Another root cause of OCD is abnormalities in a brain chemical called serotonin. For this reason, medications that affect the serotonin level have proven most effective in treating OCD. Scientists believe some children are genetically predisposed to developing OCD. According to the above report, approximately 20 percent of all kids with OCD have a family member with the disorder.
Recovery road map
For long, OCD has been considered a rare and untreatable disorder. Research has however revealed that OCD is a common illness that can be treated by cognitive behavior therapy (CBT). If you or your loved one is suffering from any mental disorder, contact the Texas Mental Health Recovery Helpline to access the best mental health disorders treatment in Texas. Call us at our 24/7 helpline number 866-596-4708 or chat online to know more about the mental health treatment centers in Texas.
Living with anxiety is like a roller-coaster ride, as it can be thrilling and terrifying at the same time. Anxiety disorders have emerged as a serious health issue over the last few years. Although the exact cause of the disorder is yet to be deciphered, researchers claim that anomalies in the brain circuit can be one of the reasons for the occurrence of an anxiety disorder.
A study conducted by a research team from the University of Würzburg, Germany and published in the journal Molecular Psychiatry in February 2017, provides the details about a hitherto unknown genetic pathway for developing such diseases. The researchers illustrated about four different variants of the GLRB gene (glycine receptor B) that are responsible for triggering anxiety and panic disorders. This study will enable better tailoring of the treatment for the patients.
Anxiety disorders, being one of the common mental disorders, have plagued about 40 million adults in the United States, in the age group 18 and above, highlights the Anxiety and Depression Association of America (ADAA). While some people reported suffering from extreme fear from specific situations or objects, some addressed the detrimental impact they face every day.
How does anxiety surface and evolve?
Anxiety disorders, a common mental health issue often marked by excessive fear and ruminations about certain situations and objects, apparently disturbs one’s daily activities. It is also associated with a range of problems, such as poor performance, cardiovascular morbidity and mortality, high economic costs, etc.
The study highlighted that the root cause of anxiety disorders lies in the fear circuits of the brain. Amygdala (and its subnuclei), nucleus accumbens, hippocampus, ventromedial hypothalamus, periaqueductal gray, a number of brain stem nuclei, thalamic nuclei, insular cortex and some prefrontal regions (mainly infralimbic cortex) have been included as the chief constituents of the fear circuitry. These regions play a crucial role in processing fear among people.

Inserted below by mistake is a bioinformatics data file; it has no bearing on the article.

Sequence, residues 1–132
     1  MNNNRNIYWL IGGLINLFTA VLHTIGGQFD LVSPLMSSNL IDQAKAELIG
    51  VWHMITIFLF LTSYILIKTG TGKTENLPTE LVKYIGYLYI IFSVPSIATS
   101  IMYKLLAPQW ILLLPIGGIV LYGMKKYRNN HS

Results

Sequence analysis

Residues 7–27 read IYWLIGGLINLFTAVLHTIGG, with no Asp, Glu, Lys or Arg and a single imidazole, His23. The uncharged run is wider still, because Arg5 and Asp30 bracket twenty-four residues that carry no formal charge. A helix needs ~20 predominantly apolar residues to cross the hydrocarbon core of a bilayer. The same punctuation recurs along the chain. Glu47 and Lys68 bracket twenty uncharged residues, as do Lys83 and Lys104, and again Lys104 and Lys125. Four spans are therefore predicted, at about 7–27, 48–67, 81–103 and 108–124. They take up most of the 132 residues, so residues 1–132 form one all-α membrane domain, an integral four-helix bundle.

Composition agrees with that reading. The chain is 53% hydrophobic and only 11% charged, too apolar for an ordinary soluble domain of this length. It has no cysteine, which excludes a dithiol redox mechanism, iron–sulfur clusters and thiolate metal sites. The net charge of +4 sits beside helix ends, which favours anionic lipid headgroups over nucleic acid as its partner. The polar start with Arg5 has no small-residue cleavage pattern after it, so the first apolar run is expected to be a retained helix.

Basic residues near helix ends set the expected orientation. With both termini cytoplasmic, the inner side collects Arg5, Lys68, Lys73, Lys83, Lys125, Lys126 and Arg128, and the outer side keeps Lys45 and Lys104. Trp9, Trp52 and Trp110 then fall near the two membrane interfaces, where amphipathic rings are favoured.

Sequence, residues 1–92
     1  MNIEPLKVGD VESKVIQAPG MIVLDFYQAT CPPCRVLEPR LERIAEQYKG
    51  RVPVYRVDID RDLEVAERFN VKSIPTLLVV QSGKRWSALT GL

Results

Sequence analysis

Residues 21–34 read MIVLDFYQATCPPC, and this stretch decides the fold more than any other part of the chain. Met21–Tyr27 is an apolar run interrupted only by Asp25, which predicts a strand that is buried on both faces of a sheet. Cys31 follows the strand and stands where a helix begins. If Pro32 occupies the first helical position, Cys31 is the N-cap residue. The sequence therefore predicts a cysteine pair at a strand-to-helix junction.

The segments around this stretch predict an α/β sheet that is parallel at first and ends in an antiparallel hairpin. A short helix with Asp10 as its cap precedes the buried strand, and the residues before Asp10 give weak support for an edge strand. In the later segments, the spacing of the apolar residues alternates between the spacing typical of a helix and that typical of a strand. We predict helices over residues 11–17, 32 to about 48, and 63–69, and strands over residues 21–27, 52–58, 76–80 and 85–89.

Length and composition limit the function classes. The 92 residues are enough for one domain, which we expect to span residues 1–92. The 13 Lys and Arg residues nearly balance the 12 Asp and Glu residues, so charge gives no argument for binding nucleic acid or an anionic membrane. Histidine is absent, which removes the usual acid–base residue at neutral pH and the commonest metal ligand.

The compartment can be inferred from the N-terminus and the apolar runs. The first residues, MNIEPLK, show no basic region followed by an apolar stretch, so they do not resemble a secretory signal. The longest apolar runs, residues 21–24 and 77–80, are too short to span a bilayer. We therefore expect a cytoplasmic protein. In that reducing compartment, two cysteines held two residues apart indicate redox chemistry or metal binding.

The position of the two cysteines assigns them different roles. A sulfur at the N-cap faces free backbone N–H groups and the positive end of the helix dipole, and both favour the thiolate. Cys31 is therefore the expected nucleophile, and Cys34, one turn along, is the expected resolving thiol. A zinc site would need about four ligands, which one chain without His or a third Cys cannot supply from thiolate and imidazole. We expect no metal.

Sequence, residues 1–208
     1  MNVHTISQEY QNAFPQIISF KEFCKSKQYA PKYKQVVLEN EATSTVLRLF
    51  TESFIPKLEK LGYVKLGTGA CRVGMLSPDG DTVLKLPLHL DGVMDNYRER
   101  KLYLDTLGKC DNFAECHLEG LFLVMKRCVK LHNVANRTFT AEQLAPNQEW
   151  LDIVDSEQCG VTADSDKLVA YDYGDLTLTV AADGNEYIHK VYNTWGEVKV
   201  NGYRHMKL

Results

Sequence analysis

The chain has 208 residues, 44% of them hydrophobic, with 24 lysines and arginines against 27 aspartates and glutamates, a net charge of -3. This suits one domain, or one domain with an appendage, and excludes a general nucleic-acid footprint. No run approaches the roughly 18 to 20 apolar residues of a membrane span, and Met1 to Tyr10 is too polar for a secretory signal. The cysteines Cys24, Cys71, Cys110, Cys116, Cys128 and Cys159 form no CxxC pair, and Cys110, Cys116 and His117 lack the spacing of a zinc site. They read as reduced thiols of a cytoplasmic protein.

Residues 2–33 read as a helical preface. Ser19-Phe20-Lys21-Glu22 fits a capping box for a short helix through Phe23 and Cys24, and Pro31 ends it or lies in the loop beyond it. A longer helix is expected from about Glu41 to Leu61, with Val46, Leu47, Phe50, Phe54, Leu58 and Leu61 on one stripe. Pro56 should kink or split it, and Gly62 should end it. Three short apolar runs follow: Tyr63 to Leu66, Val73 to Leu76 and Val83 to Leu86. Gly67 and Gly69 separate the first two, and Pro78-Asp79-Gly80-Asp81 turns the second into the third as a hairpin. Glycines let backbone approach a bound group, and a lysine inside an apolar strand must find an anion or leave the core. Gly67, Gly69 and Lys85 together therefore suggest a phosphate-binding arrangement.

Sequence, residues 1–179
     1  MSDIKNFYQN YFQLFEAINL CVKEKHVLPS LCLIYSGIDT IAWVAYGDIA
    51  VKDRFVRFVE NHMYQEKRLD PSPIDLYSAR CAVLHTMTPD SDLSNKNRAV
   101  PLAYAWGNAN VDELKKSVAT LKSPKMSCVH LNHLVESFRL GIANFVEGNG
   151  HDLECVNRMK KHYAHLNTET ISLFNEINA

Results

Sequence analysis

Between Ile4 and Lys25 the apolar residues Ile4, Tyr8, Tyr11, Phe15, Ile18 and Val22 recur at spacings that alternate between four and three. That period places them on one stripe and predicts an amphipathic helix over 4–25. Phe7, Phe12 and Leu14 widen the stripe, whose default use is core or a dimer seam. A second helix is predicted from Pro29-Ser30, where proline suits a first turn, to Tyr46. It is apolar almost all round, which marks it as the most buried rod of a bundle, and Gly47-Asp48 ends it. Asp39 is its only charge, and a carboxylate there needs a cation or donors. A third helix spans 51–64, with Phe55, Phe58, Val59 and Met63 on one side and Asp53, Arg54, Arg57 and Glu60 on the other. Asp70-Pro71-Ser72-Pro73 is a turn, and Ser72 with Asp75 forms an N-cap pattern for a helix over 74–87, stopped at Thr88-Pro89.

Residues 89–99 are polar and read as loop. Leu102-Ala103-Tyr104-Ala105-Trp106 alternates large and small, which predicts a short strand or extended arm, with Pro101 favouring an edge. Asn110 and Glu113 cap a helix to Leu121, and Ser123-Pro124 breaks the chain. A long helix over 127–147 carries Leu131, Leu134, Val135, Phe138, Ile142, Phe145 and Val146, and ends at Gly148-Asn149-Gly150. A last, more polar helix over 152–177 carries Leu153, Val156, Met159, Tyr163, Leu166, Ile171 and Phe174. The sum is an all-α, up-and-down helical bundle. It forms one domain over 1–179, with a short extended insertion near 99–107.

As such, fear and agony are some of the common features witnessed among people suffering from anxiety disorders. These factors tend to stand as the possible predictors of threat that guide the amygdala to act hyper in some anxiety situations. Several studies of extinction have reported that the stimuli that used to predict threat, i.e., the vmPFC and hippocampus, which also help in the process of learning and remembering, has evolved with time and is no longer performing its job. In fact, another reason for exaggerated fear, anxiety and distress is probably due to impaired extinction that no longer predicts threat.
Hyperekplexia is a paroxysmal neuromotor disorder that exhibits both dominant and recessive inheritance of mutations in pre- and postsynaptic glycinergic genes. The disorder can typically be figured soon after birth or within the first week of birth.
According to Professor Jürgen Deckert, member of the Collaborative Research Center (CRC) and director of the department of psychiatry at the JMU University Hospital, “The patients are permanently hypertonic and show pronounced startle responses, which may even cause sufferers to fall involuntarily. Similar to persons suffering from anxiety disorders, these patients develop behavior to avoid potentially frightening situations.”
Road to recovery
The above findings have the potential to increase the scope for improving treatment for anxiety disorders. Though the GLRB gene variants related to anxiety and panic disorders occur frequently and involve fewer consequences, they too have the potential to activate the brain’s fear network. Besides the above study, more number of studies are required to leverage the above findings for developing innovative therapies.
If you or a loved one is suffering from any form of mental disorders, it is imperative to seek help. Contact the Texas Mental Health Recovery Helpline to access the best evidence-based treatment plans. Call our 24/7 helpline number 866-596-4708 to avail the best mental health disorders treatment in Texas. You can also chat online with our medical advisers for any information pertaining to mental health treatment centers in Texas.
Mental health disorders can take your life over but it doesn’t have to be that way. Don’t wait to get help. Call today and get your life back!